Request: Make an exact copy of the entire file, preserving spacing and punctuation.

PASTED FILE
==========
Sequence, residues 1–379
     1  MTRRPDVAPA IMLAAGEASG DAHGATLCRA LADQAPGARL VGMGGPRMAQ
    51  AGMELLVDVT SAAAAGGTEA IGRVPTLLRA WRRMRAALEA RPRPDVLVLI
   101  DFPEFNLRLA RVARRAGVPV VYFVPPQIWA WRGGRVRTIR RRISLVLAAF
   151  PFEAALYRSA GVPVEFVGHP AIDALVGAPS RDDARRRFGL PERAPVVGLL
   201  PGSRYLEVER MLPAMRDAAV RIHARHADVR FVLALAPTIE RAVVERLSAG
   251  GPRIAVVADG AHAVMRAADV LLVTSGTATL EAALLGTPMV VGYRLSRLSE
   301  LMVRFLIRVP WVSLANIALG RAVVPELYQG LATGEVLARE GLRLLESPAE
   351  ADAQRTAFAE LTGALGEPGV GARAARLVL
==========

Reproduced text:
Sequence, residues 1–379
     1  MTRRPDVAPA IMLAAGEASG DAHGATLCRA LADQAPGARL VGMGGPRMAQ
    51  AGMELLVDVT SAAAAGGTEA IGRVPTLLRA WRRMRAALEA RPRPDVLVLI
   101  DFPEFNLRLA RVARRAGVPV VYFVPPQIWA WRGGRVRTIR RRISLVLAAF
   151  PFEAALYRSA GVPVEFVGHP AIDALVGAPS RDDARRRFGL PERAPVVGLL
   201  PGSRYLEVER MLPAMRDAAV RIHARHADVR FVLALAPTIE RAVVERLSAG
   251  GPRIAVVADG AHAVMRAADV LLVTSGTATL EAALLGTPMV VGYRLSRLSE
   301  LMVRFLIRVP WVSLANIALG RAVVPELYQG LATGEVLARE GLRLLESPAE
   351  ADAQRTAFAE LTGALGEPGV GARAARLVL